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The Returns to Language Skills in the US Labor Market

  • Ingo Isphording

    ()

    (Ruhr-University Bochum)

  • Mathias Sinning

    ()

    (Australian National University, RWI, IZA, CReAM)

This paper uses data from the 2010 American Community Survey (ACS) to study the returns to language skills of child and adult migrants in the US labor market. We employ an instrumental variable strategy, which exploits differences in language acquisition profiles between immigrants from English- and non-English-speaking countries of origin, to address problems related to endogeneity and measurement error. We find significantly positive returns to language skills and demonstrate that education is an important channel through which language skills affect wages of child migrants. Although the returns of adult migrants do not depend on education, we find that child and adult migrants exhibit similar returns to language skills.

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Paper provided by Centre for Research and Analysis of Migration (CReAM), Department of Economics, University College London in its series CReAM Discussion Paper Series with number 1236.

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Date of creation: Dec 2012
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Handle: RePEc:crm:wpaper:1236
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  1. Kossoudji, Sherrie A, 1988. "English Language Ability and the Labor Market Opportunities of Hispanic and East Asian Immigrant Men," Journal of Labor Economics, University of Chicago Press, vol. 6(2), pages 205-28, April.
  2. Chiswick, Barry R & Miller, Paul W, 1995. "The Endogeneity between Language and Earnings: International Analyses," Journal of Labor Economics, University of Chicago Press, vol. 13(2), pages 246-88, April.
  3. Hoyt Bleakley & Aimee Chin, 2010. "Age at Arrival, English Proficiency, and Social Assimilation among US Immigrants," American Economic Journal: Applied Economics, American Economic Association, vol. 2(1), pages 165-92, January.
  4. Adsera, Alicia & Pytlikova, Mariola, 2012. "The Role of Language in Shaping International Migration," IZA Discussion Papers 6333, Institute for the Study of Labor (IZA).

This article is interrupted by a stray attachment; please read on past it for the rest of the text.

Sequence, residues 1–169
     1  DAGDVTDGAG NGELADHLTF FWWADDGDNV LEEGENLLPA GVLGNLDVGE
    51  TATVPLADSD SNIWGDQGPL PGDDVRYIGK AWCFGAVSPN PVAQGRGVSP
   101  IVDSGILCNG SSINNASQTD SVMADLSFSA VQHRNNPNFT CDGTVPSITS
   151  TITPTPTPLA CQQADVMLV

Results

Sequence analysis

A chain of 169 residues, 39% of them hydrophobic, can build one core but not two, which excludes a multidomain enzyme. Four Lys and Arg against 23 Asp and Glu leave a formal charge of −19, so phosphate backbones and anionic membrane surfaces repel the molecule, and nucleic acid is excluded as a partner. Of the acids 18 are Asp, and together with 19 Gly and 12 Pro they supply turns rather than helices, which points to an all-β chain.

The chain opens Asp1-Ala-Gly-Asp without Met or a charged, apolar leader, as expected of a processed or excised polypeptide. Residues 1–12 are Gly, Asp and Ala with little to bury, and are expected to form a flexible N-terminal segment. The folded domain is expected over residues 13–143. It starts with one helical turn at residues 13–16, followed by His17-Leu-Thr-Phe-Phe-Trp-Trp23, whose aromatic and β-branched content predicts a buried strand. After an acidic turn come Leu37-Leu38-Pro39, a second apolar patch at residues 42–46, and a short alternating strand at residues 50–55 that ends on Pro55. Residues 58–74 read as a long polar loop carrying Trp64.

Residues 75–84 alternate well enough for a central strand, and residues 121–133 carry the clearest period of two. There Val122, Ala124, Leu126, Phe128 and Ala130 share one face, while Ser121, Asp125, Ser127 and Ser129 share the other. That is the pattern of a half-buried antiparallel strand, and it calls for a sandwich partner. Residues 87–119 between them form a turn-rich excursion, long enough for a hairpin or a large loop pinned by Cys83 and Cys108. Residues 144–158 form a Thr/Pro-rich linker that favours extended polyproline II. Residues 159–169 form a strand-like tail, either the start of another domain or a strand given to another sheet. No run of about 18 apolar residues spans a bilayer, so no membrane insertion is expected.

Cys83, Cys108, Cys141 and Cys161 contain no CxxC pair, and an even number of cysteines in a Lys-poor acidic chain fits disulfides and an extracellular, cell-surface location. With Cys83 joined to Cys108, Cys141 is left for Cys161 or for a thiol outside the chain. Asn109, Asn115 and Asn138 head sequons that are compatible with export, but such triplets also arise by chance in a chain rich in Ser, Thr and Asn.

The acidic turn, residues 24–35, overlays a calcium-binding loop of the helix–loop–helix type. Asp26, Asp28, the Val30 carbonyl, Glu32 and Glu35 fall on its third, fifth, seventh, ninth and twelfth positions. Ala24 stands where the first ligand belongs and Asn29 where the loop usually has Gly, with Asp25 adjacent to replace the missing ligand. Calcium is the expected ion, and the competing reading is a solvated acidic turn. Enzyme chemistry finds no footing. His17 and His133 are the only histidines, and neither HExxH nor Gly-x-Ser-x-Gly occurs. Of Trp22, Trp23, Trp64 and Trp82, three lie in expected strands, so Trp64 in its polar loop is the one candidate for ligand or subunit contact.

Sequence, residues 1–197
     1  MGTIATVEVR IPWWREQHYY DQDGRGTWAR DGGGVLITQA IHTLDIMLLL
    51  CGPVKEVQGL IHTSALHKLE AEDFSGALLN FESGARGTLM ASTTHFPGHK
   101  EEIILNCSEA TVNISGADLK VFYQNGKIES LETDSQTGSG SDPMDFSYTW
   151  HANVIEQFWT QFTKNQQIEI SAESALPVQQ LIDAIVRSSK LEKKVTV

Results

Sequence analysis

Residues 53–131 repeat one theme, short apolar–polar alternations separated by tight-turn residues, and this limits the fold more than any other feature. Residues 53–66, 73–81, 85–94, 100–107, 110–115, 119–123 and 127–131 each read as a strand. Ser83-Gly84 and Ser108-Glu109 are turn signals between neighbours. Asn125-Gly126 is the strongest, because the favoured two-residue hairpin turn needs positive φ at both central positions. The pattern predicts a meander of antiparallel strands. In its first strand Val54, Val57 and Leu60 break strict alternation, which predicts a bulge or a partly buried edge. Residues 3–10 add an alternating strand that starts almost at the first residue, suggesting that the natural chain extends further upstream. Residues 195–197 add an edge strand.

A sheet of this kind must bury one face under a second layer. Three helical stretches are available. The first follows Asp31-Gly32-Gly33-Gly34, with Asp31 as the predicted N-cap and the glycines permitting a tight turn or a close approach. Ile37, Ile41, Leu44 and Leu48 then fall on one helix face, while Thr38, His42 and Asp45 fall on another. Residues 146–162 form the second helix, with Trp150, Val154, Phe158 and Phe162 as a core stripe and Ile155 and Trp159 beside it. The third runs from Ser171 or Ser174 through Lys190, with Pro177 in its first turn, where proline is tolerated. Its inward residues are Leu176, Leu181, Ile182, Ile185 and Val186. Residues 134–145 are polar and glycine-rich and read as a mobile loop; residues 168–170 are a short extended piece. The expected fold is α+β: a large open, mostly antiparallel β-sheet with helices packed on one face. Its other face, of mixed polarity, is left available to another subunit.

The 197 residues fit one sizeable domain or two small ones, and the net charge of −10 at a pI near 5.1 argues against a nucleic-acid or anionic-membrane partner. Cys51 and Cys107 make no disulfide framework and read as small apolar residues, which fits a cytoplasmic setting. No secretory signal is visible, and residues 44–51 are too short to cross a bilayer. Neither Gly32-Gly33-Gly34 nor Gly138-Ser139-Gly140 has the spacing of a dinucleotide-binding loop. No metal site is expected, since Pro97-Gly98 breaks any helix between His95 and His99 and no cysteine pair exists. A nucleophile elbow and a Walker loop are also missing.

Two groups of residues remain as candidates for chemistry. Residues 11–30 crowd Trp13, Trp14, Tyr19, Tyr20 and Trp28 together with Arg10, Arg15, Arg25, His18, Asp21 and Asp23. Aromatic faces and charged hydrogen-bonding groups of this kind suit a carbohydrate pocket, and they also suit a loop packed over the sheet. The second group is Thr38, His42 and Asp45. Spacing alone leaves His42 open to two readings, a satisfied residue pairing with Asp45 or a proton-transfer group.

5. Judith Hellerstein & David Neumark, 2006. "Workplace Segregation in the United States: Race, Ethnicity, and Skill," Working Papers 060710, University of California-Irvine, Department of Economics.
  6. Christian Dustmann & Arthur Van Soest, 2002. "Language and the earnings of immigrants," Industrial and Labor Relations Review, ILR Review, Cornell University, ILR School, vol. 55(3), pages 473-492, April.
  7. McManus, Walter & Gould, William & Welch, Finis, 1983. "Earnings of Hispanic Men: The Role of English Language Proficiency," Journal of Labor Economics, University of Chicago Press, vol. 1(2), pages 101-30, April.
  8. Augustin de Coulon & Francois-Charles Wolff, 2007. "Language proficiency of immigrants and misclassification," Applied Economics Letters, Taylor & Francis Journals, vol. 14(12), pages 857-861.
  9. George J. Borjas, 2002. "Homeownership in the Immigrant Population," NBER Working Papers 8945, National Bureau of Economic Research, Inc.
  10. Chiswick, Barry R, 1991. "Speaking, Reading, and Earnings among Low-Skilled Immigrants," Journal of Labor Economics, University of Chicago Press, vol. 9(2), pages 149-70, April.
  11. Jaeger, David A, 1997. "Reconciling the Old and New Census Bureau Education Questions: Recommendations for Researchers," Journal of Business & Economic Statistics, American Statistical Association, vol. 15(3), pages 300-309, July.
  12. Angrist, Joshua D & Lavy, Victor, 1997. "The Effect of a Change in Language of Instruction on the Returns to Schooling in Morocco," Journal of Labor Economics, University of Chicago Press, vol. 15(1), pages S48-76, January.
  13. Hoyt Bleakley & Aimee Chin, 2004. "Language Skills and Earnings: Evidence from Childhood Immigrants," The Review of Economics and Statistics, MIT Press, vol. 86(2), pages 481-496, May.
  14. Geoffrey Carliner, 1981. "Wage Differences by Language Group and the Market for Language Skills in Canada," Journal of Human Resources, University of Wisconsin Press, vol. 16(3), pages 384-399.
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